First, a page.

Bugs up Close and Why We Are Glad They're Small
The Praying Mantis
The Praying Mantis
The name praying mantis was given to these insects because they have very long front legs that they are able to hold in a position that reminds people of praying, although they do "prey" upon some things, just not people. They mostly eat insects and other very small animals, and they are often welcome by farmers and gardeners because they eat insects that can damage crops. Some of the things they catch are grasshoppers, crickets, spiders, lizards, frogs and some very small birds.
A praying mantis is very well camouflaged (it can adapt a color and blend in with plants) and has a strange-looking triangular head atop a very long neck, as you can see in the photograph above. And, that triangular head can turn a full 180 degrees, an entire half circle. They are able to hold onto their prey because their front legs have rows of sharp spines. They usually like to begin their meal by eating the head first, and that's nothing you probably want to witness regardless of how much you might hate the bugs and animals they eat.
There are actually two different types of cicada - referred to as the "dog-day" and the "periodical" cicada. The dog-day cicadas are very dark with greenish markings and they spend up to seven years underground before they emerge in July and August.
On the other hand, the periodical cicada emerges in May and early June, after spending up to about 17 years underground, so you might say they are one of the elders of the insect world. They are dark with red eyes.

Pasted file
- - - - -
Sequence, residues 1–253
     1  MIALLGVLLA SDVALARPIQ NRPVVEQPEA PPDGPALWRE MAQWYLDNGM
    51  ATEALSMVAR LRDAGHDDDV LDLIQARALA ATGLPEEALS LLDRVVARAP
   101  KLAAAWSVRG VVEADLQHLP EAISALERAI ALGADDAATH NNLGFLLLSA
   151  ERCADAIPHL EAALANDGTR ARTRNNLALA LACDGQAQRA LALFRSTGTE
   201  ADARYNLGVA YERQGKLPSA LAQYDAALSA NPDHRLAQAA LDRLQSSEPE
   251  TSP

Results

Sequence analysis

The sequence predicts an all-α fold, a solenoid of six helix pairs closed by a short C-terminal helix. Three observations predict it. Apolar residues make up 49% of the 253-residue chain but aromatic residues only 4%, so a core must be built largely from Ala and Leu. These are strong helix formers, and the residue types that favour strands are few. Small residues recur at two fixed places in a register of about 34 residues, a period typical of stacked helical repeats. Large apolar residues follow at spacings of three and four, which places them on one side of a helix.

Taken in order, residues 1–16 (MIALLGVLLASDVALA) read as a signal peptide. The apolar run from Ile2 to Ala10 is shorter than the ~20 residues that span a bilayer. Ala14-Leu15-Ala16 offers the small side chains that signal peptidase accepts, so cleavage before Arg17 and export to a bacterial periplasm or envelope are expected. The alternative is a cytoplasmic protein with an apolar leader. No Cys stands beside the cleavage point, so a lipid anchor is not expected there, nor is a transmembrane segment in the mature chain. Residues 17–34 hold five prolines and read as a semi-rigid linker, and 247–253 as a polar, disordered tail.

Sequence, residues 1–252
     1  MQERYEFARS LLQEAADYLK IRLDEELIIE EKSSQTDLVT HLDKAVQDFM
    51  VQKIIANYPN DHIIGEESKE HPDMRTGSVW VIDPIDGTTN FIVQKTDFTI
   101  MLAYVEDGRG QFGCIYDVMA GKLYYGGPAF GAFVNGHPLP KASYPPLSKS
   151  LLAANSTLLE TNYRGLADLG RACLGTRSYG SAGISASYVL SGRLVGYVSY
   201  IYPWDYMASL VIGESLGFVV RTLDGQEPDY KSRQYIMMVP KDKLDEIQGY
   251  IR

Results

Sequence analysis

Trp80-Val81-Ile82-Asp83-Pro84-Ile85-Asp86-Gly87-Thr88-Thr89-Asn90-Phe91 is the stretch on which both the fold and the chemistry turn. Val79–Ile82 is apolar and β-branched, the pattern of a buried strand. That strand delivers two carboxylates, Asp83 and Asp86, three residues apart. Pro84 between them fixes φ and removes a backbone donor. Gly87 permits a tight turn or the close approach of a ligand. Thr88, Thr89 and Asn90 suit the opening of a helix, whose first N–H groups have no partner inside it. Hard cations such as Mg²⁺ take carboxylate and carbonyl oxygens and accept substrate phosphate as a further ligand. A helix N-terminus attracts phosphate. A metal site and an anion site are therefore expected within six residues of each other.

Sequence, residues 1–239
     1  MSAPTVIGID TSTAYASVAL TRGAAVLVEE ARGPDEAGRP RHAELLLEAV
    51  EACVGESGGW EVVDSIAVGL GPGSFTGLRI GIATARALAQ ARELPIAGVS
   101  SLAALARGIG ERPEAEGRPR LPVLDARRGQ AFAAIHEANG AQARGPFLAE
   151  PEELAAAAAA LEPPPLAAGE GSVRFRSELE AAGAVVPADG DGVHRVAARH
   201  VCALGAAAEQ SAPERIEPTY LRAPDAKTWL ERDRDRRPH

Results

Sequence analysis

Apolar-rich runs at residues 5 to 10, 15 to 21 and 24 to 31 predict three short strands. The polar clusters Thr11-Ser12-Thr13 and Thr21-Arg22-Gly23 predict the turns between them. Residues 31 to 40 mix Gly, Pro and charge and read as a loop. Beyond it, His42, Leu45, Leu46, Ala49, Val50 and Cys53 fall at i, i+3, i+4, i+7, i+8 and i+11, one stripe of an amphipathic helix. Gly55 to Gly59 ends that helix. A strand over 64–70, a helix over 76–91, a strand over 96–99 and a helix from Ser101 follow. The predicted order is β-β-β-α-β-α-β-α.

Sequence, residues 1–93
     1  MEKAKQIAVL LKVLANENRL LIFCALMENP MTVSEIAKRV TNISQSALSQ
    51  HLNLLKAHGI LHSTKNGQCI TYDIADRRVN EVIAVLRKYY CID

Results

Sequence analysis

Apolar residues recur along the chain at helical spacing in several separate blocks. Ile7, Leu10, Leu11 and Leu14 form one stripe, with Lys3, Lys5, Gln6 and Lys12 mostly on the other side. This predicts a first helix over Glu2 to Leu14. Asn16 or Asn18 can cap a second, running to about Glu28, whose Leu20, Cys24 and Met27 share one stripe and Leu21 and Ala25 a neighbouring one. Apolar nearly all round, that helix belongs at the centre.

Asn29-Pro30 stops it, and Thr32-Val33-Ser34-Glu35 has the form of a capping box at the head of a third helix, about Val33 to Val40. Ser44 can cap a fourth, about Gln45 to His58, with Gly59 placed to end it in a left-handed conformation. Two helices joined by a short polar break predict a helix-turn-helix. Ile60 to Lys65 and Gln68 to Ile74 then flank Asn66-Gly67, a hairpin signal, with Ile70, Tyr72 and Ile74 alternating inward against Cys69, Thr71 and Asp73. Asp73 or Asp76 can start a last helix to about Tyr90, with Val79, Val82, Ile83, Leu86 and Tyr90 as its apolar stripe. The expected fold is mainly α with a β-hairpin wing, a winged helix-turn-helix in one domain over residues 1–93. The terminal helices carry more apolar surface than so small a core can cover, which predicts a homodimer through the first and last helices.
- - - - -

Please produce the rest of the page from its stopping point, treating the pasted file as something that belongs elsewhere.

New generations of cicada emerge annually because new groups of young (nymphs) are born every year to females who lay up to 600 eggs at a time in the tiny branches of shrubs and trees. Upon hatching, the nymphs immediately begin burrowing their way underground so that they can attach to roots, where they will remain for the rest of their underground lives sucking tree sap.
The cicada emerges from underground at sunset at the end of the dormant period and is guided only by instinct as it climbs the trunk of a nearby tree where it sheds its skin allowing the adult cicada to begin its relatively short lifespan of about five weeks.
A cicada will only pierce or suck on you if it thinks you are a tree. But, don't worry because they don't have jaws that are built to tear or chew flesh, or stingers, so you simply need to pluck it off of you and continue with whatever you were doing.
The Periodical Cicada
An Annoying Sound